• what would it mean to service users if timely access to AHP services was available?
  • what would it mean to service users if AHP’s delivered evidence based psychological interventions to support rehabilitation, self management and recovery approaches?
  • what would it mean to service users if AHP’s worked from a recognition of the importance of work in promoting recover?
  • what would it mean to service users if there was a set of national outcome measure that all AHP’s used in every day practice?

Using powerful questions, by the AHP Mental Health Leads, has been captured in an article by Mickel (2012) on “powerful questions, powerful results” and would be an interesting follow up to this introduction in this blog.

Transferable skills

Two months ago I started a new AHP strategic leadership role in partnership with Scottish Government and Alzheimer Scotland, @alzscot. I am based in Alzheimer Scotland and they are the leading voluntary organisation in Scotland helping people with dementia and their carers and families. My new role will focus on bringing together, in partnership, the strengths of allied health professions in both health and social care in Scotland to assist in the delivery of the Dementia Strategy, Alzheimer Scotland’s Strategic Plan and the AHP Delivery Plan.

I will take my own “AHP’s can do” messages with me and transfer my learning to this new and developing role in Alzheimer Scotland. I would welcome any comment you have on this blog and or you can follow how my  new role develops by following me at @elaineahpmh or on www.elaineahpmh.wordpress.com.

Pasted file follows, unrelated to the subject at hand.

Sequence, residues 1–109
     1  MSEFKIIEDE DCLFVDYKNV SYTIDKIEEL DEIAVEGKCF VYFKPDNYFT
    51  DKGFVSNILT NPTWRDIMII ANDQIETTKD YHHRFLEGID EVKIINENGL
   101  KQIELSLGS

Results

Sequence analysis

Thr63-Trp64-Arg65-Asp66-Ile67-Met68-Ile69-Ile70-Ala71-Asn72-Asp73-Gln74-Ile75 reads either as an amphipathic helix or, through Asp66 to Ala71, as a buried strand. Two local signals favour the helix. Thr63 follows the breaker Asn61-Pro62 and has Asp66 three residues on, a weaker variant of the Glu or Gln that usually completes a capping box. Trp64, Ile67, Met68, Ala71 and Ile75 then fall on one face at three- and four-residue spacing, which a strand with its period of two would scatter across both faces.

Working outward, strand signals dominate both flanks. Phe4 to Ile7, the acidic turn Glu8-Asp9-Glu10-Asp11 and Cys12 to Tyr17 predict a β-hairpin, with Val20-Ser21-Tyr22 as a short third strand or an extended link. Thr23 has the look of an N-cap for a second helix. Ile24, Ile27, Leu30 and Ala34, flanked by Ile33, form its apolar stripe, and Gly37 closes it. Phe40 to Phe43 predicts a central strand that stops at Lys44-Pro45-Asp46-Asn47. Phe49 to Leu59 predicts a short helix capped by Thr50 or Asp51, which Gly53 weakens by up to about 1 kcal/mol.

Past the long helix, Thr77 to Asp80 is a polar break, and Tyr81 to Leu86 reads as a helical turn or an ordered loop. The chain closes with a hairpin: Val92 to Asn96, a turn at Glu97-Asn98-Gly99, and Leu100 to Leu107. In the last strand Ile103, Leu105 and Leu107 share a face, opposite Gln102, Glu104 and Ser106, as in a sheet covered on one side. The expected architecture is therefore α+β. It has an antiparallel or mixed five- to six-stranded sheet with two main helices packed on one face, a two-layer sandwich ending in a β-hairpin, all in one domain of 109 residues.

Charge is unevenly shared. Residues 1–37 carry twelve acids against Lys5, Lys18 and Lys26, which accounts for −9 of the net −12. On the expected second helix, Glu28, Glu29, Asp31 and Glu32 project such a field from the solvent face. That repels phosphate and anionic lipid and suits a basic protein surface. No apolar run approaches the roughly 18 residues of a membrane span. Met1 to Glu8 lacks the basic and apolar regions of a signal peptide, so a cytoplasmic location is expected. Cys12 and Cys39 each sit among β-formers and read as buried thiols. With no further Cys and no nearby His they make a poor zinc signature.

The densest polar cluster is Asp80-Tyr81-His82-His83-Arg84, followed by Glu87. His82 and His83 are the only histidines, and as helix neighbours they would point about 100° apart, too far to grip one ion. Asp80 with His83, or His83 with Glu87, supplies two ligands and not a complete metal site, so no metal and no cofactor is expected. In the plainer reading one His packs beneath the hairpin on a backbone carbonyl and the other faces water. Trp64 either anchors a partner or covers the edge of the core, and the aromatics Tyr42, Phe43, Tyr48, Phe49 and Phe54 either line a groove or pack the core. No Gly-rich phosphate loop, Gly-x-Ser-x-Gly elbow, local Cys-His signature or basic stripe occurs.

Next week:

@bettyGudrun, a Senior Social Worker, write her very first blog “Care and Control”

References

Gough P  2009  CURUM Scotland Cares  Scottish Government 26-27

Mickel A  2012  Powerful questions powerful results OT News August 26-27

Scottish Government 2010 Realising Potential An action plan for allied health professionals in mental health

Walt G 2005 Health Policy: an introduction to process and power London Zen books quoted by Gough 2009

Whitney D  Trosten-Bloom A  Rader K  2008  Appreciative Leadership Get Results with Appreciative Inquiry and Positive Power McGraw-Hill books

Vogt EE  Brown J  Isaacs D  2003 The Art of Powerful Questions Catalyzing Insight, Innovation and Action

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Responses

  1. […] you can’t wait until then to read an AHP blog then click here to find out what do AHP’s do in mental […]

  2. […] Allied Health Professionals (AHP’s) can do …  by Elaine Hunter on the Ayrshire Health blog. […]

  3. […] NHS Priority, or Political Folly? There also some big questions in Elaine Hunter’s post – Allied Health Professionals (AHP’s) can do … – on the Ayrshire Health […]